Lyme disease in horses is usually treated by intravenous tetracycline or oral doxycycline.
In a Cornell University study published in 2005 (Veterinary Microbiology), ponies were experimentally infected with Lyme organisms by infected adult ticks. Twelve weeks later four ponies were assigned to each of three treatment groups, tetracycline, doxycycline or Ceftiofur for 28 days. A fourth group was left untreated. ELISA antibody titers dropped in all the treatment groups, but began to rise again after three months in three of the four doxycycline-treated ponies and two of four Ceftiofur treated. The ponies were necropsied five months after treatment.
The untreated ponies and those that showed a rise in titer after treatment were confirmed to still be infected while there was no evidence of infection in the tetracycline-treated ponies or ponies receiving treatment with another antibiotic whose titers did not rise again.
This study makes intravenous tetracycline the "gold standard" treatment for Lyme disease, but tetracycline is extremely damaging to tissues if it gets outside the vein. The treatment must be administered by a veterinarian. Oral doxycycline is much easier to give, but in that study a 28-day treatment was not sufficient to kill the organism in 75% of the ponies. It's currently unknown whether longer treatment time with doxycycline might more effective.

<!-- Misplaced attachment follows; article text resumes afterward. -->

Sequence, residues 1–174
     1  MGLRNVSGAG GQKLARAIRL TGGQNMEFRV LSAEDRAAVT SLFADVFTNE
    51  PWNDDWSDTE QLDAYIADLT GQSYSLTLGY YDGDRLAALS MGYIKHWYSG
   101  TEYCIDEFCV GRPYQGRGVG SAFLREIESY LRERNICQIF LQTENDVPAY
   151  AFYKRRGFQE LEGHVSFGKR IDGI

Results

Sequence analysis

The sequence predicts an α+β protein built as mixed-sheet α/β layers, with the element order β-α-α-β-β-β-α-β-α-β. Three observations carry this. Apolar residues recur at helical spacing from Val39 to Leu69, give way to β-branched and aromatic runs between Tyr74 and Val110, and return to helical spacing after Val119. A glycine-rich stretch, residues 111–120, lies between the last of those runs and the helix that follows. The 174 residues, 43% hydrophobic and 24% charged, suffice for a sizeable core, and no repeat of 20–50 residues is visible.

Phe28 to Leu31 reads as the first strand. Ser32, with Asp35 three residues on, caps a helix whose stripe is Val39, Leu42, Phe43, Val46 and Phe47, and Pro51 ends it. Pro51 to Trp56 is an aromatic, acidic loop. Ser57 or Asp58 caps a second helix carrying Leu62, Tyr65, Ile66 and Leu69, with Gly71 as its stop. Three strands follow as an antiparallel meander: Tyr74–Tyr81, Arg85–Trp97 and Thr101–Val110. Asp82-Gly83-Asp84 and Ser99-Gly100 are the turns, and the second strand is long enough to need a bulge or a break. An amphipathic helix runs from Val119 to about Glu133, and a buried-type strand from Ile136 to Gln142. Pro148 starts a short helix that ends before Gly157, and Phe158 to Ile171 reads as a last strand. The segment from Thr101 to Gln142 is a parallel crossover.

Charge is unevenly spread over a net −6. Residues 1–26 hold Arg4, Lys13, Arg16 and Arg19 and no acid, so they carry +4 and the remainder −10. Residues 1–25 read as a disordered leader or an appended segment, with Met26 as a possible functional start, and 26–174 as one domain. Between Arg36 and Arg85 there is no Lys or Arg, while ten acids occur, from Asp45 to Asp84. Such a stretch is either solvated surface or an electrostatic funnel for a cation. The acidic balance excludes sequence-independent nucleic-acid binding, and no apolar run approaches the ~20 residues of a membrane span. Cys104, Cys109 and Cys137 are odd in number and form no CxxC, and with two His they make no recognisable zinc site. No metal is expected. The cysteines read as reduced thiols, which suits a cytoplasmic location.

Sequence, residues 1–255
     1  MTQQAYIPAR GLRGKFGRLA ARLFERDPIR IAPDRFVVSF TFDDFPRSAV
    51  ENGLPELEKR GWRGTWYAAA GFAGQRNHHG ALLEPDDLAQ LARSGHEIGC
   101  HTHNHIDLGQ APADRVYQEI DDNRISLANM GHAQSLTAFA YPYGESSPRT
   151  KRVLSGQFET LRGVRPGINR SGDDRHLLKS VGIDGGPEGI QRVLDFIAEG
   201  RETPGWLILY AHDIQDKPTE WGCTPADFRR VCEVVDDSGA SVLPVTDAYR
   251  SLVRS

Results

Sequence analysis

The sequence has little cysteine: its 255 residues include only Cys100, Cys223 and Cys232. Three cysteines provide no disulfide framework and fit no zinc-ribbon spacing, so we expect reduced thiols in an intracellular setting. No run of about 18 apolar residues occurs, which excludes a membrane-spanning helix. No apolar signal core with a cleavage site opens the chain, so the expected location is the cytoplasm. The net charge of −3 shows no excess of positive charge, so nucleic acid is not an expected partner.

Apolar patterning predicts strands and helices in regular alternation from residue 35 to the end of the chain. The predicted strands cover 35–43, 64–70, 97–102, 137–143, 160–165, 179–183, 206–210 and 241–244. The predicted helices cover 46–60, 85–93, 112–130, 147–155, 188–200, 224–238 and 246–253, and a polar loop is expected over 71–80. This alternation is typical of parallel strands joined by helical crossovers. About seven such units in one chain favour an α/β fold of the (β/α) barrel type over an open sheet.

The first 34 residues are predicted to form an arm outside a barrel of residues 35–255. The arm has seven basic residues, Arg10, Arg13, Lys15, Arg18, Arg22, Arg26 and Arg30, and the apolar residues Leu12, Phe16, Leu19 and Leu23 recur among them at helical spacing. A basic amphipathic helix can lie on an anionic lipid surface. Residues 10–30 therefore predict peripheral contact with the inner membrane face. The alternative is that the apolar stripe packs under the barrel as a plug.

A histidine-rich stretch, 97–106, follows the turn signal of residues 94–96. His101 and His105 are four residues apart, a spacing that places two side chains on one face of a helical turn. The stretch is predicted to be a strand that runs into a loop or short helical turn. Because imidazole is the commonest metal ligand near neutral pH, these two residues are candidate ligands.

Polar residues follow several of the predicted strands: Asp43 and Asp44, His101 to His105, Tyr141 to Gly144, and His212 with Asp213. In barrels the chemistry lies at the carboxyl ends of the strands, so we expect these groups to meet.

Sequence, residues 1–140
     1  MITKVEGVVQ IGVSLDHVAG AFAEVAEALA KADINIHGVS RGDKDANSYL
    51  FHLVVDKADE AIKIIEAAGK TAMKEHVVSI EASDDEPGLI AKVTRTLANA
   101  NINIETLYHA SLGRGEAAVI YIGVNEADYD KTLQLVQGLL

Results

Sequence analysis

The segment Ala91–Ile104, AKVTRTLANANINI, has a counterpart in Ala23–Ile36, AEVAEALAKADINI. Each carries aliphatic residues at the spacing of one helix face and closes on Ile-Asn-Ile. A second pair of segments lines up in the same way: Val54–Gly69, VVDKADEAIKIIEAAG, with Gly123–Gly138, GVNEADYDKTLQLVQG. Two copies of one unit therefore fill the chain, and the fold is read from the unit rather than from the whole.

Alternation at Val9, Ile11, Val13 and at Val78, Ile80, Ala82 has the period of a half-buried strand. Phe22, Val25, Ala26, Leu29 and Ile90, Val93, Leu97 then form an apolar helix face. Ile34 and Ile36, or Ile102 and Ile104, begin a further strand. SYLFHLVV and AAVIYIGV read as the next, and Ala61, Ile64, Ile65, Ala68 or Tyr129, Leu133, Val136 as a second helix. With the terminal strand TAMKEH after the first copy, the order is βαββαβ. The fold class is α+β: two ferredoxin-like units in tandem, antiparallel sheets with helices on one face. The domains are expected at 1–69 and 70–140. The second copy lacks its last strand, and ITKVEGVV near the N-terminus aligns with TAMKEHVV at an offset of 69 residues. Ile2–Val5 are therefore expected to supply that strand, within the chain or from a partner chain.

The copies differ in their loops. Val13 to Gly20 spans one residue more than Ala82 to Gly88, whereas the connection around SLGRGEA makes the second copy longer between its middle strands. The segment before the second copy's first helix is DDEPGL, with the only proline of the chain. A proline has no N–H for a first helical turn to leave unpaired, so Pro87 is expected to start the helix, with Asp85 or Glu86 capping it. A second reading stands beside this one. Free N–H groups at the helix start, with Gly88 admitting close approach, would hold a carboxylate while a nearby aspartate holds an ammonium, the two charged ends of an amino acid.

The ponies' treatment was delayed until three months after the initial infection, so they were beyond the acute stage, but what about horses that might not be diagnosed for much longer? In the human disease, the longer treatment is delayed, the worse the prognosis becomes for cure.
There is also a subset of patients that develop chronic arthritic or neurological problems that persist even with intensive and prolonged antibiotic therapy, including intravenously, and when the infection seems to have been cleared.
There is strong evidence to suggest that in some of these cases auotoimmune disease has developed. The Lyme antibodies are cross-reacting to the horse's own tissue. In other instances, it may well be that the infection has not been completely treated.
Lyme infection in horses is real. When untreated, the organisms can be found in a wide variety of body tissues for at least nine months. Muscles and joints are most often infected.
If the index of suspicion for Lyme is high, because you are in an endemic area and the horse's symptoms are suggestive (e.g. unexplained muscle and/or joint pain, with fever), treatment may be advisable even in the absence of a positive test if other causes have been ruled out.
Whatever treatment course you and your vet decide upon, recheck the titer three months after treatment has stopped. A rising titer at this time likely means the horse still has an active infection.